Oakland's Capital Improvement Program


October 2021 Update: We are pleased to announce the release of a map that members of the public may use to search for projects using various filters such as project types or council districts. This GIS map will be updated monthly and includes contact information for each project or program. Please find the map at the button above or at this link.


The Fiscal Years 2021-2023 CIP document is available now at this link.

Every two years, the City of Oakland seeks community input to identify and select priority capital projects for funding. Capital projects improve and maintain Oakland’s public facilities and infrastructure. They can range from restoring aging public buildings, to improving streets and sidewalks, to creating or improving our parks.

In fall 2020 the City opened a public portal for project request submissions to be identified and prioritized for the two-year budget that will begin on July 1, 2021, and those requests are being considered as a part of the current budget process. The next CIP cycle will commence in 2022. The public portal for project request submissions is expected to reopen in late summer/early fall of 2022 to accept project requests for the two-year budget that will begin on July 1, 2023.

When the portal is once again active, you will be able to access it on this page.

CIP in the News

The FROG Committee cuts the ribbon on the new Hardy Park / FROG Park playground
Feb 09, 2020

FROG / Hardy Park Renovation Grand Opening

Oakland Public Works has recently completed the renovation of Hardy Park, also known in the community as FROG Park after the community group Friends of the Greenbelt. OPW and FROG celebrated Sunday with a ribbon cutting and grand opening.

Related News »

The CIP Process in Motion

Every two years in the summer and fall, the City of Oakland conducts engagement efforts to gather community input to inform the next round’s selection of CIP projects. Because the City has more demand for capital projects than it has money to pay for them, the CIP must make choices about how to score and prioritize potential projects. Once that information is collected, the project scores are calculated, and projects receive an overall score using the City's Prioritization Factors that can be found in the How a Capital Project is Formed section below.

City staff present the scores and recommendations to the City Council as part of the Budget Development process. The Budget Development process includes a series of public meetings and hearings where the Mayor and/or Council Offices discuss the City's Budget and CIP and will ask for the public to provide comments. The City Council will review the CIP proposal, and may make changes to it based upon the feedback received at these meetings. The dates and times for those meetings are variable each cycle; however, the City Council must adopt its Budget and CIP by June 30, 2021.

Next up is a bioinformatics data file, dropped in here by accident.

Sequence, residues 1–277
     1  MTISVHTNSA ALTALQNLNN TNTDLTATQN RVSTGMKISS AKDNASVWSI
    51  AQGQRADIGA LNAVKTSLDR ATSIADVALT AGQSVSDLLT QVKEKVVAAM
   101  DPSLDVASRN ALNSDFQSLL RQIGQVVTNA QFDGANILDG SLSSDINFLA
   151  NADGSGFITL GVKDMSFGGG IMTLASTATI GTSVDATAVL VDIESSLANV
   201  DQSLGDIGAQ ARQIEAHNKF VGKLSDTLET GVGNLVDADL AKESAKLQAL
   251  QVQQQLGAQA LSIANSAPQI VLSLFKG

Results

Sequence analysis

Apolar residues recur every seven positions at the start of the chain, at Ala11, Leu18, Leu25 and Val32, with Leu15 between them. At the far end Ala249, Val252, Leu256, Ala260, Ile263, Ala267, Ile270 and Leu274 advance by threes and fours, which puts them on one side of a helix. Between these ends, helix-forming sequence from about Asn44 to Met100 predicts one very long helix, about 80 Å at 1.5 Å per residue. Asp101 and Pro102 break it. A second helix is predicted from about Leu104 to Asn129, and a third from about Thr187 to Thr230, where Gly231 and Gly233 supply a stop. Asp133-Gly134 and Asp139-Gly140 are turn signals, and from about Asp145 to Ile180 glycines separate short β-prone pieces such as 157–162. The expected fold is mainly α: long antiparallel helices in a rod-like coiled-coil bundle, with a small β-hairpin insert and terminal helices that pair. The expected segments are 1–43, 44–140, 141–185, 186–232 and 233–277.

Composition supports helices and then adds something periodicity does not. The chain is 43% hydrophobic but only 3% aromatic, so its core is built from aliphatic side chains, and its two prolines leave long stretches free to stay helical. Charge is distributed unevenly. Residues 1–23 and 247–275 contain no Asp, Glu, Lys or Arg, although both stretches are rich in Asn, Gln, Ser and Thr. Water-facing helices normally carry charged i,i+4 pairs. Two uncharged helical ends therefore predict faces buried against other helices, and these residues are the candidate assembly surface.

Since 2015 the CIP budget has grown by nearly 500% giving it an important role in building new city infrastructure.
Since 2015 the CIP budget has grown by nearly 500% giving it an important role in building new city infrastructure.

The CIP Budget represents a major investment in our community. It reflects the overall priorities of the City and has an enormous impact on its health and vibrancy. CIP dollars can bring about entirely new community-envisioned changes and speed up the completion of existing projects that may be stalled because of funding shortages.

What is a Capital Project?

Chart highlighting the key differences between capital and maintenance projects

When the biennial budget is adopted, the CIP for those two years is also adopted. The assets identified for repair, replacement or purchase in a budget cycle become “CIP projects."

Projects included in a CIP are defined as any long-term investment that build, replace, or improve an asset (e.g. buildings, roads, parks, sewer, and drainage lines, etc.), have a useful design life of at least ten years and a minimum cost of approximately $100,000. In this way, they differ from maintenance projects which are typically smaller in scale/cost and refer to more urgent short-term repairs to ensure vital city assets remain operational.

If you have an urgent maintenance request (e.g. potholes, graffiti removal, etc.), you can navigate to the City's Oak 311 service which handles these more routine fixes. Please be advised that Oak 311 receives hundreds of requests and may not be able to respond to your concern immediately.

Click Here for Oak 311 Maintenance Service

How a Capital Project is Formed

Chart showing the priority factors Oakland relies on to comprehensively evaluate capital projects.
Chart showing the priority factors Oakland relies on to comprehensively evaluate capital projects.

In 2018, the Oakland City Council adopted a major update to the City’s program for funding infrastructure projects, by developing a new, inclusive forum for Oakland residents to incorporate their feedback and introduce project ideas to be considered for the CIP selection process.

Along with it also came a new "CIP Prioritization Model," or the system used to weigh the urgency and projected impact of applicant projects to ensure City dollars are allocated effectively. The CIP Prioritization Model approved by the Oakland City Council scores projects on the factors listed above in the figure.